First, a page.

A sermon, based on Luke 9.51-62, preached with the people of Epiphany Episcopal Church, Laurens, SC, on the 3rd Sunday after Pentecost, June 30, 2019
We, now, are in the Season after the Day of Pentecost. As I have shared many times, annually, we spend half a calendar year retelling our Christian story. Beginning in Advent, anticipating the birth of Jesus, then Christmas, celebrating his birth, then Epiphany, proclaiming that he is Messiah for all the world, then Lent, following him to Jerusalem to fulfill his destiny of death on a cross, then Easter, celebrating his resurrection, then the Day of Pentecost, commemorating the coming of his promised Holy Spirit, his abiding presence and power in the world, in his first disciples, in us.
This season after Pentecost, running the other half of the calendar year, offers the opportunity for us to reflect more deeply on our Christian story that it might take root and grow in us. Thus, no surprise, the primary color for this season is green.
Today, I focus on faithful discipleship…
Jesus “set his face,” with firmest resolve, “to go to Jerusalem.” He had been preaching and teaching in the Galilean countryside. Now, the time had come “for him to be taken up,” to fulfill his destiny. To go to the religious, political, social center of his people to proclaim God’s kingdom of love and justice for all. And to confront the religious leaders, calling them to account for abdicating their responsibility in not proclaiming God’s love and justice for all.
On the way, Jesus encountered three would-be followers.
One declared unconditional allegiance. “I will follow you wherever you go.” Jesus answered, “Foxes have holes, birds of the air have nests, but the Son of Man has nowhere to lay his head.” From the beginning of his life, Jesus, according to the Christmas carol, with “no crib for his bed” to lay “down his sweet head,”(1) had no permanent resting place. Thus, to follow Jesus meant living, being like him.
Another declared conditional allegiance. “Lord, first let me go and bury my father.” Jesus answered, “Let the dead bury the dead.” An ironic statement, for the dead can’t do anything! “But,” this is the point, “you,” as only the living can, “go proclaim the kingdom of God.”
Still another said, “I will follow you, Lord, but,” therefore, nullifying the spontaneity of the commitment, “let me say farewell to my family.” Jesus answered, “No one who puts a hand to the plow and looks back is fit for the kingdom of God.” To plow, indeed, to go forward doing anything while looking back, like texting while driving, is to assure the loss of attention, if not also an accident!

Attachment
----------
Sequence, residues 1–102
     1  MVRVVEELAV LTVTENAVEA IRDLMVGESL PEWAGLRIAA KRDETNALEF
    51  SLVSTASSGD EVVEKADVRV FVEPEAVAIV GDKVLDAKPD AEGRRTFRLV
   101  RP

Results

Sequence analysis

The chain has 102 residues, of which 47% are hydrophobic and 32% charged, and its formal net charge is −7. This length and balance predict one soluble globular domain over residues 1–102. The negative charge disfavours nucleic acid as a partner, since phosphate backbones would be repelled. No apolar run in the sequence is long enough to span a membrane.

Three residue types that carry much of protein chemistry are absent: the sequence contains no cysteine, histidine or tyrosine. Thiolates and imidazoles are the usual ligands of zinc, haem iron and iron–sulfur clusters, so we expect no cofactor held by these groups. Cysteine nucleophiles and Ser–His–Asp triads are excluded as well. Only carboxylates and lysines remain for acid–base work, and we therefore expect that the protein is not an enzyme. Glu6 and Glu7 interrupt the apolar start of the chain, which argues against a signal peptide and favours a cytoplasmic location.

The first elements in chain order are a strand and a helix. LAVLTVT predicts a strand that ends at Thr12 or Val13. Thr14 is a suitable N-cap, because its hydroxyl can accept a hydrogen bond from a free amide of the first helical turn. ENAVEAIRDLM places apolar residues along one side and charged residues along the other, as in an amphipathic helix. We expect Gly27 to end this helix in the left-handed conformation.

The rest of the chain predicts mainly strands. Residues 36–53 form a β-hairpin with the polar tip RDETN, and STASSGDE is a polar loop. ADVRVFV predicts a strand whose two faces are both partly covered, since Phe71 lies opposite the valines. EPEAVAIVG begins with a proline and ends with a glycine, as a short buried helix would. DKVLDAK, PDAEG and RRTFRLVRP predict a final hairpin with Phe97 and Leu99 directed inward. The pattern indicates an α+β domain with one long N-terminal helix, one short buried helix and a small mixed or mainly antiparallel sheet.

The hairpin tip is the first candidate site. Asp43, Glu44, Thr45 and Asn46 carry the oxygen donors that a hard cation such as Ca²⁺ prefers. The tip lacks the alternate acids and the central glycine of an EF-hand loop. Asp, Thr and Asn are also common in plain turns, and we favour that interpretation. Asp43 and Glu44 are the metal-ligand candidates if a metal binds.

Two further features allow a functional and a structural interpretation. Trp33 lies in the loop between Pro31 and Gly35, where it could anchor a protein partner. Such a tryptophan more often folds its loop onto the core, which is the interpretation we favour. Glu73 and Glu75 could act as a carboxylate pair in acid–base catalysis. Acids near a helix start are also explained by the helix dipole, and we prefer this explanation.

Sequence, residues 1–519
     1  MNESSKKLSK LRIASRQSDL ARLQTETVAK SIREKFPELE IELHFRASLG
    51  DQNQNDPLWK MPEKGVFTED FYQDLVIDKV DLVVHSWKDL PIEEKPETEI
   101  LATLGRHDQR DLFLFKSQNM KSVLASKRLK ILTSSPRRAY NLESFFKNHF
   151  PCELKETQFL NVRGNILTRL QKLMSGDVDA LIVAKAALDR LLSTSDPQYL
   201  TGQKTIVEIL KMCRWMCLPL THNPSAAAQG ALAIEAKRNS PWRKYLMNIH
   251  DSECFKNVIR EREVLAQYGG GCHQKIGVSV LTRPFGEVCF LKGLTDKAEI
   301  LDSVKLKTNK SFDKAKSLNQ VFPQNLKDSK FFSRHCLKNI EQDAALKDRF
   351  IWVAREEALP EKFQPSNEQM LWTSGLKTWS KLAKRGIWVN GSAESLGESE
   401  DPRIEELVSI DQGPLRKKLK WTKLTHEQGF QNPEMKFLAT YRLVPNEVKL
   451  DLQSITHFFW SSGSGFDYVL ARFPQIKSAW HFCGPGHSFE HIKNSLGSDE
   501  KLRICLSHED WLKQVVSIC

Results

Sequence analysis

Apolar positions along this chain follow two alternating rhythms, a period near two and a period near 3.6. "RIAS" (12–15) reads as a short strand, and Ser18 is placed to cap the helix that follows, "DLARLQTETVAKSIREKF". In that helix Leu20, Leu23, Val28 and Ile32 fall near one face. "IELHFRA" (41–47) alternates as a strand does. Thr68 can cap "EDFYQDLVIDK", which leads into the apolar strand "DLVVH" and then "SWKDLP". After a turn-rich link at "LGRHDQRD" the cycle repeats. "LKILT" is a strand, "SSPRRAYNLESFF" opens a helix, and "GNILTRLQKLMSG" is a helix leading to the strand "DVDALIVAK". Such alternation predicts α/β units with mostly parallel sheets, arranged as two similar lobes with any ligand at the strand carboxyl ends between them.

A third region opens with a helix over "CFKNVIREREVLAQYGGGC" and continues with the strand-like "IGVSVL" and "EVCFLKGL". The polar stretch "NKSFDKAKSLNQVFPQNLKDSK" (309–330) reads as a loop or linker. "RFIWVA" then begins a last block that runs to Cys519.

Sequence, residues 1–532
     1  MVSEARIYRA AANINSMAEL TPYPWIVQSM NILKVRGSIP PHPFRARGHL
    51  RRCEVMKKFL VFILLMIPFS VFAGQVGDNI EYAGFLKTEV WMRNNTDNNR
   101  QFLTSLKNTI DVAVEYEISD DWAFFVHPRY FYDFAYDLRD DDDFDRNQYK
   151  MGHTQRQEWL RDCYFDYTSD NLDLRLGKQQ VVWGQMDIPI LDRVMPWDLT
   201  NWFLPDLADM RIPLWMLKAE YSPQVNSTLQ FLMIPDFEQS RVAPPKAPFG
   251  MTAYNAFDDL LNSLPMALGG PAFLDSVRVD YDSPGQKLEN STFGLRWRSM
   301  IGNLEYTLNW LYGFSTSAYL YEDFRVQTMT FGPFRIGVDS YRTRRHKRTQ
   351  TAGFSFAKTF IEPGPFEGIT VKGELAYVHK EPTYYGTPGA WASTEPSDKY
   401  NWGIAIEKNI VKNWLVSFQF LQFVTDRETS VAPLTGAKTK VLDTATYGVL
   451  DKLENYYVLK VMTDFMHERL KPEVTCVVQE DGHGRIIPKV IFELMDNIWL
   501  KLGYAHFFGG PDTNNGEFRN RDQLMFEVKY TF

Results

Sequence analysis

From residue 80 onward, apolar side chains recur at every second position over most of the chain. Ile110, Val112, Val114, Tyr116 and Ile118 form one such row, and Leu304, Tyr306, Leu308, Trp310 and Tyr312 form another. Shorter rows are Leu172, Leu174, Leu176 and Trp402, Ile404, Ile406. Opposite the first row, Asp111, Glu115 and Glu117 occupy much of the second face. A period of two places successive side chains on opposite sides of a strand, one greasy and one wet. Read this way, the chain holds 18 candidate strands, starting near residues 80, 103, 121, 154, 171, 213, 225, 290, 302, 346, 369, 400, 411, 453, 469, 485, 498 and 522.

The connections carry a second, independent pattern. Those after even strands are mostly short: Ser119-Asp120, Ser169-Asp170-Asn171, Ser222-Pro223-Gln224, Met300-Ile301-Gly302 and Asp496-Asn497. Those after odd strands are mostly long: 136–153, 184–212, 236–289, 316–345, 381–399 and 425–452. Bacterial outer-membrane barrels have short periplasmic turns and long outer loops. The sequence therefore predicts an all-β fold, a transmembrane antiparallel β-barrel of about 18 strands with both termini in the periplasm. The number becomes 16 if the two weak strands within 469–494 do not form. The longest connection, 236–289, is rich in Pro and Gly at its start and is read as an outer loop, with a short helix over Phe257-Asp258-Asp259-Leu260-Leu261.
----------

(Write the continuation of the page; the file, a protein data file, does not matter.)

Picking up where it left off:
In response to Jesus’ either-or call to discipleship, these three chose both-and, and, therefore, chose not.
Many are the moments in our lives when we desire clarity, certainty. But the call of Jesus, when laid out in these stark terms, begs the question: Who really lives or can live an either-or life?
Even Jesus struggled with being faithful to his call from God. A call that bore the possibility, the promise of death. If he didn’t struggle, then being faithful was easy.
But scripture is clear…
When Jesus, to prepare himself for his ministry, spent forty days in the wilderness being tempted by the devil to be unfaithful to God, he struggled.
When Jesus, during the course of his ministry, faced increasing opposition from folk who rejected him and his message, even some of his disciples,(2) he struggled.
When Jesus, on the night before his death, prayed, “Abba, Father, for you all things are possible; remove this cup (of death) from me,” he struggled. Yet because of his struggle he could make his fateful, faithful decision, saying, “yet, not what I want, but what you want.”(3)
Jesus struggled. And that’s good news! For God knows and we know that we struggle with faithfulness. For Jesus’ call, “Follow me,” is always either-or, which necessitates our struggle. For sometimes we don’t want to do what we believe Jesus would have us do. And sometimes, in the concrete, complex and ambiguous circumstances of our daily living, in the light of our beliefs and values and the shadow of the real issues and problems we face, it isn’t always clear to us what Jesus would have us do.
Nevertheless, we are called to struggle daily and, in every situation, to discern, to come to know for ourselves what it means to follow Jesus, and then to decide to do it. And all knowing two things. We may not have it right and we are responsible for our choices. Yet, know this third thing: Struggling and, sometimes, getting it wrong and trying again is what faithful discipleship is.
(1) From the traditional carol, Away in a manger (c. 19th century)
(2) See Matthew 16.21-23 and John 6.53-67; especially verses 60-61, 66-67.
(3) Mark 14.36
Illustration: Jesus Sets His Face to Go to Jerusalem, James Tissot (1836-1902)